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LeBron James’ Company Sued Over ‘More Than An Athlete’ Mark (4)

Feb. 18, 2020, 7:45 PMUpdated: Feb. 19, 2020, 12:12 AM

A Maryland youth development nonprofit sued LeBron James’ Uninterrupted LLC, Nike Inc., and ESPN in a Washington, D.C., federal court Tuesday for allegedly infringing its “I Am More Than An Athlete” trademark.

Game Plan Inc. began using the phrase before James adopted it in response to conservative commentator Laura Ingraham’s comments that he should “shut up and dribble” instead of talking politics, according to the complaint.

Game Plan runs programs dedicated to “educating the youth to ascend through the ranks of high school and college athletics and academics in order to attain professional level success whether in sports or otherwise.” It owns a federal trademark registration covering the use of “I Am More Than An Athlete” on t-shirts.

James’ company denied the complaint’s allegations in a statement. “The complaint filed by Game Plan today is meritless and contains numerous factual inaccuracies,” the company said. “Uninterrupted owns prior rights in and to the More Than An Athlete trademark.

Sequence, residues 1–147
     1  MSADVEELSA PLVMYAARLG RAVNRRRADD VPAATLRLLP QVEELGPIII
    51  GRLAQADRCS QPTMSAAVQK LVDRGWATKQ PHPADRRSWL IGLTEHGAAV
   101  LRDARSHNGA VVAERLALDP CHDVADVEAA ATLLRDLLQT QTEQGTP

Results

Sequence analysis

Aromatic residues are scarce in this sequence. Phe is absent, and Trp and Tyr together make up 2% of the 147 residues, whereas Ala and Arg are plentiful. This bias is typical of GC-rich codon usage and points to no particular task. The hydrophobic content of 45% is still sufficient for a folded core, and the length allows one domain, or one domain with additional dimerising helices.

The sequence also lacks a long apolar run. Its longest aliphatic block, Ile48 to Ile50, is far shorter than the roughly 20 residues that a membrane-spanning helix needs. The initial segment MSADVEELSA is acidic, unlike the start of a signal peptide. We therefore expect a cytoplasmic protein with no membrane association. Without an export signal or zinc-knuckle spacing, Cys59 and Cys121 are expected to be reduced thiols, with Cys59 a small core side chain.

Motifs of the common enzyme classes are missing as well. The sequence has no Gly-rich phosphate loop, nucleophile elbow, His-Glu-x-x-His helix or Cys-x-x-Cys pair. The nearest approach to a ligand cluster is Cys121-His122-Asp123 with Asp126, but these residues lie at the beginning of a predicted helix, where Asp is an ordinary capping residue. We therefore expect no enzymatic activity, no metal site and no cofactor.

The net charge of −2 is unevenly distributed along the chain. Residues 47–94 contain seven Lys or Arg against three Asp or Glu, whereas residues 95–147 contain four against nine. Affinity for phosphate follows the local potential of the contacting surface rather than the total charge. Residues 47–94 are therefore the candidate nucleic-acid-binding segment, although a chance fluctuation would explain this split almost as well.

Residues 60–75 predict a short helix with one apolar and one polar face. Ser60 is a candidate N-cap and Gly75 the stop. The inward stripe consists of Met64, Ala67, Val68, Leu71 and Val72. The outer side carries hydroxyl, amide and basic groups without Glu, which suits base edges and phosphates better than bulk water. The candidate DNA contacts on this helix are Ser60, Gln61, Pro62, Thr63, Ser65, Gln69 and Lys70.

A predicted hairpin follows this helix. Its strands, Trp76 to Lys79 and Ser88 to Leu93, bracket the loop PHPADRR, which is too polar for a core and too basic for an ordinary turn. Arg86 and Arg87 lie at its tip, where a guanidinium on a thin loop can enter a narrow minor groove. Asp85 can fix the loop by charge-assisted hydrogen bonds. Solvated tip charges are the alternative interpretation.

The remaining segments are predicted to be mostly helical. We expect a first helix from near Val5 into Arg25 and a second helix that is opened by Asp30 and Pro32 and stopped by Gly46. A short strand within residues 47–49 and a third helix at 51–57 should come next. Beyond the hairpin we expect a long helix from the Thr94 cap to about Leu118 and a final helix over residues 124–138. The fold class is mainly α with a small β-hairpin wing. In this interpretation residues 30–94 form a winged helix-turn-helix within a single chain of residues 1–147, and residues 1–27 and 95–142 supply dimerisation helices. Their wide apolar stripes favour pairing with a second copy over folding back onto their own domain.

James began using the phrase in 2018. But according to the complaint, a group of children from the Game Plan program attended a Washington Wizards game against James’ Cleveland Cavaliers in 2017, where they wore t-shirts with the phrase and met Wizards star John Wall courtside before the game.

“The attendance at the game gave Game Plan tremendous exposure, as it was able to gain attention from John Wall in front of his peers including the (arguably) most famous athlete in the world, as a member of the Cleveland Cavaliers, at the time, LeBron James,” the complaint says.

James’ media company uses the phrase on Nike-produced clothing including t-shirts, hats, hoodies, and sweatpants, the complaint says. Game Plan also named ESPN in the complaint for producing James’s “More Than An Athlete” TV series, and “NBA 2K” video game maker Take-Two Interactive Software Inc. for using the phrase in the game.

The suit was filed in the U.S. District Court for the District of Columbia.

Nike, ESPN, and Take-Two declined to comment.

Causes of Action: Federal trademark infringement and dilution, unfair competition, unjust enrichment.

Relief: Damages, injunctive relief, attorneys’ fees.

Attorney: Ryan L. Jones of Washington, D.C. represents Game Plan.

The case is Game Plan Inc. v. Uninterrupted LLC, D.D.C., No. 1:20-cv-00455, complaint filed 2/18/20.

(Updated with response from Uninterrupted LLC)

To contact the reporter on this story: Blake Brittain in Washington at bbrittain@bloomberglaw.com

To contact the editors responsible for this story: Rob Tricchinelli at rtricchinelli@bloomberglaw.com; Steven Patrick at spatrick@bloomberglaw.com

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